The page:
The remarks, made at a meeting of central bankers in Shanghai, also indicated that a consensus is emerging among policy makers, after what has been seen as a lack of a well-coordinated universal policy response to the current economic slowdown.
While the U.S., Europe and Japan are keeping interest rates at record lows to support still-weak recoveries, Asian economies have been rebounding rapidly. Increasingly in recent weeks, that trend has pushed investors to seek higher returns in markets outside the developed countries, leading to a flood of money that has driven up emerging-market currencies and market prices.
Mr. Strauss-Kahn’s remarks came as governments are looking for ways to lean against those inflows, fearful that strong currencies will hurt their exporters and that volatile capital movements could harm their financial systems.
Mr. Strauss-Kahn said that in order to prevent a future crisis, countries have a number of policy options in their tool kits. These include lower interest rates, reserves accumulation, tighter fiscal policy and, in some cases, capital controls.
“For example, with a credit-fueled housing bubble, prudential tools might be the way to go. If instead the problem is debt inflows fueling a boom in foreign-currency lending to unhedged borrowers, then the solution might be different and might include capital controls,” he said.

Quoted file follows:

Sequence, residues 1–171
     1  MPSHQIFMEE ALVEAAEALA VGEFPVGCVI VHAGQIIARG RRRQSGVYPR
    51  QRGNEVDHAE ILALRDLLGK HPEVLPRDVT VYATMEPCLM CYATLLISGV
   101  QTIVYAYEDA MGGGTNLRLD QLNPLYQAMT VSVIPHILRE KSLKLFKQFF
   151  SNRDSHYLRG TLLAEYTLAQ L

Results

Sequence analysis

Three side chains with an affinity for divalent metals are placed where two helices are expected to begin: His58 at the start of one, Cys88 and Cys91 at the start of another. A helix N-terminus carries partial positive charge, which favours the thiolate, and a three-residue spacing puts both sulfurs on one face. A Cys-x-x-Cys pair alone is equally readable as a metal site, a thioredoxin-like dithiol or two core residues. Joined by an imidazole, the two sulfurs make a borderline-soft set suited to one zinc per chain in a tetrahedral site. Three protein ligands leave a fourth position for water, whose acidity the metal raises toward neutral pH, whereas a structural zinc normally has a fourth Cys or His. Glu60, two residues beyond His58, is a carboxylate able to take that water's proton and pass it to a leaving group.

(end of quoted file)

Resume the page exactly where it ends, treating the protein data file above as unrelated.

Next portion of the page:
Meanwhile, People’s Bank of China Deputy Governor Yi Gang at a news conference after the meeting reiterated China’s resolve to push ahead with cautious reforms of its own currency regime, which has been drawing criticism from the U.S. and Europe for leaving the currency undervalued, making the country’s exports cheaper in overseas markets and contributing to global trade imbalances.
Mr. Yi said that although the yuan’s trading flexibility has increased since June 19, when Beijing dropped the currency’s 23-month-long peg to the U.S. dollar, exchange-rate reform has to be gradual.
He said China’s narrowing trade surplus shows the yuan exchange rate can stay basically stable, adding that he hopes the currency will be “fairly stable” at a market-determined equilibrium.
China is resisting rapid appreciation of the yuan as it strives to fend off hot-money inflows and the potential negative effects on exporters.
Echoing Mr. Strauss-Kahn’s view, Mr. Yi said that when capital flows generate systemic risks, “we should consider alleviating that through appropriate measures.”
“When you have large and persistent capital flows, you have to analyze the source of the capital, that is very loose monetary policy in developed economies,” Mr. Yi said. However, Mr. Yi also cautioned that capital control measures have to be used “very carefully” to avoid high costs and risks.
Adding to the chorus was John Lipsky, the IMF’s deputy managing director, who said at the same briefing that while adjustments in budgetary provisions and structural and exchange-rate policies are often appropriate responses to increased capital inflows, “there may be special circumstances in which controls could provide a helpful, temporary tool to manage these capital increases.”
—Andrew Batson in Beijing contributed to this article.